FIG. 4 illustrates a front view of electrical enclosure 10 in accordance with one embodiment of the present invention. Electrical enclosure 10 includes face 14, inner junction 16, first and second connection points 20 and 22, and punch-outs 24 a-24 e. Inner junction 16 further includes a connection point to the plurality of pass-throughs 50, and the internally exposed portion 18 for the plurality of pass-throughs 50 are illustrated in inner junction 16.

In one embodiment, there is are a plurality of pass-throughs 50 (FIG. 3) electrically coupling each of first through fourth outer ports 32-38 (FIG. 2) to various sections of inner junction 16 (FIG. 4). For example, in one case, four pass-throughs 50 are connected between first outer port 32 of outer junction 30 and first section 62 (illustrated with dashed lines in FIG. 4) of inner junction 16; four pass-throughs 50 are connected between second outer port 34 of outer junction 30 and second section 64 (illustrated with dashed lines in FIG. 4) of inner junction 16; four pass-throughs 50 are connected between third outer port 36 of outer junction 30 and third section 66 (illustrated with dashed lines in FIG. 4) of inner junction 16; four pass-throughs 50 are connected between fourth outer port 38 of outer junction 30 and fourth section 68 (illustrated with dashed lines in FIG. 4) of inner junction 16. Four internally exposed portions 18 of these four pass-throughs 50 are illustrated within each of first section 62, second section 64, third section 66 and fourth section 68. In each case, the pluralities of pass-throughs 50 are at least partially contained in body 12 of electrical enclosure 10.

In one embodiment, one or more junction devices, such as a receptacle outlet, a switched receptacle, a light switch, a dimmer switch, a fan, a light, a fixture or an electrical appliance, can be mounted to electrical enclosure 10 utilizing first and second connection points 20 and 22. Furthermore, these junction devices can be provided with modular connectors that are configured to plug into inner junction 16. Such a modular device can be configured to accept some or all of the internally exposed portions 18 of pass-throughs 50 within first through fourth sections 62-68. Since internally exposed portions 18 of first through fourth inner sections 62-68 are electrically coupled to first through fourth outer ports 32-38, these junction devices are then electrically coupled to the various electrical conductors 40 that are coupled to outer junction 30 (which then in turn extend to a main circuit breaker panel or other electrical enclosures). This and alternative embodiments will be more fully discussed below.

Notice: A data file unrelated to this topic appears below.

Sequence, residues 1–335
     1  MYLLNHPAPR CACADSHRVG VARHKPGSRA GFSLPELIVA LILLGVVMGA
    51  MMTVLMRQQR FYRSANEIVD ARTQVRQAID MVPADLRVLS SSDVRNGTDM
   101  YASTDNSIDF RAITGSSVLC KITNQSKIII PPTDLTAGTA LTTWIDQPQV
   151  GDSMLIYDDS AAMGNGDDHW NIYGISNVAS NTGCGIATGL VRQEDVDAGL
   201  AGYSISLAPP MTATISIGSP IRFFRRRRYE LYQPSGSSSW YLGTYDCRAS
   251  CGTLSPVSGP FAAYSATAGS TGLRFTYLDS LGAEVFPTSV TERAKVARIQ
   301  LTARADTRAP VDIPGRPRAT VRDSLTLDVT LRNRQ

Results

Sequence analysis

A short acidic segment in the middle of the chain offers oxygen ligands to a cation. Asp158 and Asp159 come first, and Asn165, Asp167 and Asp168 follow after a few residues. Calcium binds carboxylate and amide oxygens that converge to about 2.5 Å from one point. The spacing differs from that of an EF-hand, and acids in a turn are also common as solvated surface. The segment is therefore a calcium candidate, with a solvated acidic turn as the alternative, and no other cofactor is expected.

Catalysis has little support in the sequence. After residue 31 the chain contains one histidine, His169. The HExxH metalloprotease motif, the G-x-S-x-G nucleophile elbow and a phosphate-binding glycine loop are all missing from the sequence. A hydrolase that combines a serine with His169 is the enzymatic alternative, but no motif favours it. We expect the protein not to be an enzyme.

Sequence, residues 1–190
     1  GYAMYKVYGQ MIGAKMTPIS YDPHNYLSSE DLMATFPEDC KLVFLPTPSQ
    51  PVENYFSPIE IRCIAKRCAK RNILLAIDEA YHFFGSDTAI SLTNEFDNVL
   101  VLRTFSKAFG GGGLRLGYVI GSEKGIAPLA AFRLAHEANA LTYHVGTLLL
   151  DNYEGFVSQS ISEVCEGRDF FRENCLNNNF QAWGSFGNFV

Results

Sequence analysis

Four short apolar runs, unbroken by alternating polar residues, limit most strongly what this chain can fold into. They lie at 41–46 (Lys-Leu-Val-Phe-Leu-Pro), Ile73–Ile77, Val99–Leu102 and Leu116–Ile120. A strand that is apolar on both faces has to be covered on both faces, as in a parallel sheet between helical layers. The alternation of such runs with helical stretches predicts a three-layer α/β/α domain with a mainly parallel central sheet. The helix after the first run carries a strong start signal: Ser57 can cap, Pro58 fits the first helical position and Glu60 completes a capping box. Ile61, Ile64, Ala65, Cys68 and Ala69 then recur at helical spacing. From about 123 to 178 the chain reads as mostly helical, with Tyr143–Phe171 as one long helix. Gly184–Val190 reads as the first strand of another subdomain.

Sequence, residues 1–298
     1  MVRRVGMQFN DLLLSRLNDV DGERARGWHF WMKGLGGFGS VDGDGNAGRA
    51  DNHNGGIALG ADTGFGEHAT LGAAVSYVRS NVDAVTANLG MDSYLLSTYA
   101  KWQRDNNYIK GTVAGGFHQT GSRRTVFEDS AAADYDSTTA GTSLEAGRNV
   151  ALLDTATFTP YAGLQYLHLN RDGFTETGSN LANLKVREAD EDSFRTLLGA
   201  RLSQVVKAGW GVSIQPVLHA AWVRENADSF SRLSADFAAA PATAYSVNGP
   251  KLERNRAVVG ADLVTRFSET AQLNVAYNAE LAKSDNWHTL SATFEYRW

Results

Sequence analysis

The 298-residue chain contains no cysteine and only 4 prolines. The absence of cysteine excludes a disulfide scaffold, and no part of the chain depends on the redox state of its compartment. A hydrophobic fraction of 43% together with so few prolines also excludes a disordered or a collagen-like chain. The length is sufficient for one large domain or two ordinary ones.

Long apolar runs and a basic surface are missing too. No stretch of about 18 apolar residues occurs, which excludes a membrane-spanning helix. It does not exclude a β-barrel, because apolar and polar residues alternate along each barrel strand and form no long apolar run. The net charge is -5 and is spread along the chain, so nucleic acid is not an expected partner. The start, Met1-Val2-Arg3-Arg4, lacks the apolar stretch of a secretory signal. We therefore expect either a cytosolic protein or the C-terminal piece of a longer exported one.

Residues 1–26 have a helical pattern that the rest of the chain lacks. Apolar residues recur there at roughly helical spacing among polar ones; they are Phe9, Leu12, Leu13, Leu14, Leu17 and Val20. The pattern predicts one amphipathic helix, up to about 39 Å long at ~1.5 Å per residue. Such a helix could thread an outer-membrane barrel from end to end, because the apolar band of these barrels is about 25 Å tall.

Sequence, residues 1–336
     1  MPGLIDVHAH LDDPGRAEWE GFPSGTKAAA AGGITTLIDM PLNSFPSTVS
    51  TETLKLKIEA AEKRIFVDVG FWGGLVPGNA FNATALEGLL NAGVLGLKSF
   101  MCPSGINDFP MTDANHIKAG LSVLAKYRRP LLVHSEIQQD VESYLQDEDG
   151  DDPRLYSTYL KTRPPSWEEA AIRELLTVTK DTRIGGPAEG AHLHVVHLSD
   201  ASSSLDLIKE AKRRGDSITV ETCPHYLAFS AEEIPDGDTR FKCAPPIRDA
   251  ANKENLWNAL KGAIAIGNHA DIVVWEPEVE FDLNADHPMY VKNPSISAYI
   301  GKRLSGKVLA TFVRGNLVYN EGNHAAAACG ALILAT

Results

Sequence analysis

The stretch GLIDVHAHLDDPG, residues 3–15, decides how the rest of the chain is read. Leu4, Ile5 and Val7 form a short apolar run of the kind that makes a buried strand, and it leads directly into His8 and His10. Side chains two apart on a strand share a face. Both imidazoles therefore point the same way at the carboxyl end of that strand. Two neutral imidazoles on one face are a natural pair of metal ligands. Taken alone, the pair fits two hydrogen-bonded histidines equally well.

Because electrical conductor 40 is brought to the outer junction 30 rather than through its body 12 to the inside, significant space is saved within electrical enclosure 10. Prior boxes that required “punch-outs” or other openings that allow electrical conductor 40 to be brought inside the box tend to cause crowding in the box and/or require very deep boxes that may not be accommodated in some environments. Also, by avoiding the large bunches of wire that tend to be crowded into conventional boxes, one embodiment of electrical enclosure 10 avoids risks of bending or potentially breaking conductors or wires that can otherwise occur when wires are forced inside the box. Avoiding crowding decreases the risk of accidental shorting and increases the life of the wire.

Furthermore, crowding within a junction box caused in prior devices also risks electrical connections becoming dislodged. Also, crowding can cause wires to incur sharp bends when being stuffed in, thus risking heat build-up at the bend. This can cause the insulation to degrade and crack over time, leading to potential for arcing and fire. Avoiding crowding within a junction box by attaching to the outer junction rather than inside the box can avoid many of these dangers.

Also, by virtue of the fact that electrical conductor 40 is attached at outer junction 30 on the outer surface of electrical enclosure 10, there is relatively little space restriction. This enables a number of independent electrical conductors 40 to be attached to a single electrical enclosure 10. For example, four outer ports 32-38 are illustrated in FIG. 2, but additional ports could be added as needed. In one example, electrical enclosure 10 could include additional ports, or ports could be added adjacent the outer surfaces of electrical enclosure 10 as well. Of course, fewer ports, or even a single port, can be used. The various outer ports 32-38 illustrated in the embodiment can also function as “pass-through” connections to other electrical enclosures.

FIG. 5 illustrates an exploded isolation view of a pass-through 50 in accordance with one embodiment of the present invention. Pass-through 50 includes an internally exposed portion 18 and an externally exposed portion 51. As illustrated in FIG. 3 for example, the internally exposed portion 18 of pass-through 50 extends adjacent inner junction 16 and the externally exposed portion 51 of pass-through 50 extends adjacent outer junction 30. The portions of pass-through 50 between internally exposed portion 18 and an externally exposed portion 51 are contained within body 12 of electrical enclosure 10. For example, electrical enclosure 10 can be molded plastic that is molded over pass-through 50, while allowing internally exposed portion 18 to protrude adjacent inner junction 16 and allowing externally exposed portion 51 to protrude adjacent outer junction 30.

In the illustrations of FIGS. 2 and 3, four pass-throughs 50 are illustrated extending between first outer port 32 and first inner section 62, between second outer port 34 and second inner section 64, between third outer port 36 and third inner section 66, and between fourth outer port 38 and fourth inner section 68. Thus, each of the ports can accommodate up to four-wire applications. Obviously, additional pass-throughs 50 can be added to each of the ports for particular applications, and some could be removed as well.